@ARTICLE{17484048_2004,
author = {Myatt, David and Wallace, Chris C.},
keywords = {adaptive dynamics, equilibrium selection, evolution, payoff idiosyncrasy, адаптивная игра, эволюция},
title = {Adaptive Play by Idiosyncratic Agents},
journal = {Games and Economic Behavior},
year = {2004},
month = {},
volume = {48},
number = {1},
pages = {124-138},
url = {http://ecsocman.hse.ru/text/17484048/},
publisher = {},
language = {ru},
abstract = {Equilibrium selection in coordination games has generated a large
literature. Kandori, Mailath and Rob (1993) and Young (1993) studied
dynamic models of aggregate behaviour in which agents choose best
responses to observations of population play. Crucially, infrequent
mistakes (`mutations`) allow agents to take actions contrary to
current trends and prevent initial configurations from determining
long run play. An alternative approach is offered here: Harsanyian
trembles are added to agents` payoffs so that with some probability
it is optimal to act against the flow of play. The long run
distribution of population behaviour is characterised - modes
correspond to stable Bayesian Nash equilibria. Allowing the variance
of payoff trembles to vanish, via a purification process, a single
equilibrium is played almost always in the long run. Kandori et al
and Young show that the number of contrarian actions required to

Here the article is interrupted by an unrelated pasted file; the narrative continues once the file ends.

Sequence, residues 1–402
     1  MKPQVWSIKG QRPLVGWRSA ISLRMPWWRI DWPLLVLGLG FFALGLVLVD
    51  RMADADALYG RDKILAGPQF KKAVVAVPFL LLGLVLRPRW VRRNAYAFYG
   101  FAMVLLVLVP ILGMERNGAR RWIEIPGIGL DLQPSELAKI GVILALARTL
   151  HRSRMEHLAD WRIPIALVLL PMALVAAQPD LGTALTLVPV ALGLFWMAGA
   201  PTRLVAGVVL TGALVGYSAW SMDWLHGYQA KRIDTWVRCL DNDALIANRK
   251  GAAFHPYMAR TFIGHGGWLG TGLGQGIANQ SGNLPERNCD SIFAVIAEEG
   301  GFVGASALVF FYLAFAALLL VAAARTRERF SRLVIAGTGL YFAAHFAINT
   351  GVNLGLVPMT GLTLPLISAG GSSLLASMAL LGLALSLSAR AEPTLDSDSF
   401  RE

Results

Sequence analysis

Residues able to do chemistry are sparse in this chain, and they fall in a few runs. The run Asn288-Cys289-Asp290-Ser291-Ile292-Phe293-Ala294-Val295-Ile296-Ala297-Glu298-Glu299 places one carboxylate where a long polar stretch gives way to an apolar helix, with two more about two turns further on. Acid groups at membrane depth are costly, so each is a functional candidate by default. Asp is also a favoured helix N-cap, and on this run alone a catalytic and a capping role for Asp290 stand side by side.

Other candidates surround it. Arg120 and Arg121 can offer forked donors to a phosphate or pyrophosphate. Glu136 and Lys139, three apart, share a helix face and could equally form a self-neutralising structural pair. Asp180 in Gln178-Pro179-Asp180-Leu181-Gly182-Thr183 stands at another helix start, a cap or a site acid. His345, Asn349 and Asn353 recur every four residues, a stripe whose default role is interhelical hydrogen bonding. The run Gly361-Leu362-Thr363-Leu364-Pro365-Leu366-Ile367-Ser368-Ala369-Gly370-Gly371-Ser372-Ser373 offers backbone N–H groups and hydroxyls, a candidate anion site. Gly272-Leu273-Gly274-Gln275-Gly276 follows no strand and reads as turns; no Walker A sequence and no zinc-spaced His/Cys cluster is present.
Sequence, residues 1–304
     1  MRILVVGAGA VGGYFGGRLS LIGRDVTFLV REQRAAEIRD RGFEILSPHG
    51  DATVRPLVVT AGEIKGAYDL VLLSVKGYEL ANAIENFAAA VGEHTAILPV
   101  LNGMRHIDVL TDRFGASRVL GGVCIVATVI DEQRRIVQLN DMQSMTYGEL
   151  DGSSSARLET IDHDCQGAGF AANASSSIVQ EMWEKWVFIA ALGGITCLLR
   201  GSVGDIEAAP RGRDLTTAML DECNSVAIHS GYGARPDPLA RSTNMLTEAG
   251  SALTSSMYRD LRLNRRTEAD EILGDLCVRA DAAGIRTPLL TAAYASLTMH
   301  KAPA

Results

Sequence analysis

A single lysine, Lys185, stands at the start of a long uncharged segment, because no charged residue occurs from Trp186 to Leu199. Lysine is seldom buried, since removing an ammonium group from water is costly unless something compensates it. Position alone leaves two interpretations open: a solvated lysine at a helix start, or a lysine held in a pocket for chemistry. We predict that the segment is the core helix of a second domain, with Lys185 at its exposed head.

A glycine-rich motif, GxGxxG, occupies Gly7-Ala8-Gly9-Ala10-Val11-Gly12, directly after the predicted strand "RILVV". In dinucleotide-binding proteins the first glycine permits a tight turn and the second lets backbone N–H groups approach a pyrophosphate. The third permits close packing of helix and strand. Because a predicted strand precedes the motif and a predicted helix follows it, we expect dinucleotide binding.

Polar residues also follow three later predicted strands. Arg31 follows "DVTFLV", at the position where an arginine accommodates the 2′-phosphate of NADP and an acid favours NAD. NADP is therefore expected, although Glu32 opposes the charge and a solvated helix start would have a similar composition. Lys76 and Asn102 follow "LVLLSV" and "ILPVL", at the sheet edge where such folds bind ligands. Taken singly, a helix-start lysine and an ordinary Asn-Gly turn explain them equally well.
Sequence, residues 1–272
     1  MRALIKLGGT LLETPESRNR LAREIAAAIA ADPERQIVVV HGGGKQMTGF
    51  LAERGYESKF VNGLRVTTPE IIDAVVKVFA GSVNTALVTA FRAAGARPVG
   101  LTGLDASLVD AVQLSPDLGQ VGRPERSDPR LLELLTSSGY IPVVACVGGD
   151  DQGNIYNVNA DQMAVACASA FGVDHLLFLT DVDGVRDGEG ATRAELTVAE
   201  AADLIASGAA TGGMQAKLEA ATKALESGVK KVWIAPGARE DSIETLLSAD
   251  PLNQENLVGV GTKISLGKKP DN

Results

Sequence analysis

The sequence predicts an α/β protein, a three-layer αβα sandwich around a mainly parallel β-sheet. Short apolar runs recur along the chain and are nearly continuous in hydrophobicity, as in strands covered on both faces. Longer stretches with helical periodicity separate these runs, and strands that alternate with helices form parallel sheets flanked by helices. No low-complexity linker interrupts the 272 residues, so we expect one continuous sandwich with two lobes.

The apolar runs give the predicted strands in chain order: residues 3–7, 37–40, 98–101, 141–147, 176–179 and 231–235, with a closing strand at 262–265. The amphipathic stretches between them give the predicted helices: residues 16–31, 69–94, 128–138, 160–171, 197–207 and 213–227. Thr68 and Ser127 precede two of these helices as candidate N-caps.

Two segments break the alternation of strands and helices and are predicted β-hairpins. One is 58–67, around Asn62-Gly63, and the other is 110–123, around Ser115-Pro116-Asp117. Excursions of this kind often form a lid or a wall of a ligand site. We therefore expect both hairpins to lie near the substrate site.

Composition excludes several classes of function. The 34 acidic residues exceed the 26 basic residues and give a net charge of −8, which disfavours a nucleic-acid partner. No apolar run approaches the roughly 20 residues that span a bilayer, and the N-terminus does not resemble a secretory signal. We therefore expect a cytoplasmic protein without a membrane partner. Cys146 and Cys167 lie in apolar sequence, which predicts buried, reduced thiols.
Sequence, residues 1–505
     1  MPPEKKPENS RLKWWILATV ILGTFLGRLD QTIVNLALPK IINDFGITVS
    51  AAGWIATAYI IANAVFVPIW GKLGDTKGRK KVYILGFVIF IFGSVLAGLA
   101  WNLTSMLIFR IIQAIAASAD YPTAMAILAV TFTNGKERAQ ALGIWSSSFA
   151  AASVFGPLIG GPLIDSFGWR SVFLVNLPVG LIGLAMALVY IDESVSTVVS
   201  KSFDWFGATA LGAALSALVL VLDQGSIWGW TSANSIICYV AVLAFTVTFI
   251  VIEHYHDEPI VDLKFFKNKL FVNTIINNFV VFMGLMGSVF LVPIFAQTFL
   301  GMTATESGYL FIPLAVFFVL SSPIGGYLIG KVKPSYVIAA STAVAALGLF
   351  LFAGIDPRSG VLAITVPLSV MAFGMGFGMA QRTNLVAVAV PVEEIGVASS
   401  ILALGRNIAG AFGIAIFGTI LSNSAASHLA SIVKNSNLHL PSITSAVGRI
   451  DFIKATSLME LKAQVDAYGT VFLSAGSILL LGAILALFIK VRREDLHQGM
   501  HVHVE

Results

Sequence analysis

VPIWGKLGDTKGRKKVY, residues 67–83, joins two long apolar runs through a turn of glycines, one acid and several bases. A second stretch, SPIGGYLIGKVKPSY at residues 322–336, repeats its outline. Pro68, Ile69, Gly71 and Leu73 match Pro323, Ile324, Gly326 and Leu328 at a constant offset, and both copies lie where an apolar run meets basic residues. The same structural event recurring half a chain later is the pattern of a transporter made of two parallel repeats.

escape an equilibrium determines selection; here, the likelihood that
such actions are taken is of equal importance. },
annote = {Equilibrium selection in coordination games has generated a large
literature. Kandori, Mailath and Rob (1993) and Young (1993) studied
dynamic models of aggregate behaviour in which agents choose best
responses to observations of population play. Crucially, infrequent
mistakes (`mutations`) allow agents to take actions contrary to
current trends and prevent initial configurations from determining
long run play. An alternative approach is offered here: Harsanyian
trembles are added to agents` payoffs so that with some probability
it is optimal to act against the flow of play. The long run
distribution of population behaviour is characterised - modes
correspond to stable Bayesian Nash equilibria. Allowing the variance
of payoff trembles to vanish, via a purification process, a single
equilibrium is played almost always in the long run. Kandori et al
and Young show that the number of contrarian actions required to
escape an equilibrium determines selection; here, the likelihood that
such actions are taken is of equal importance. }
}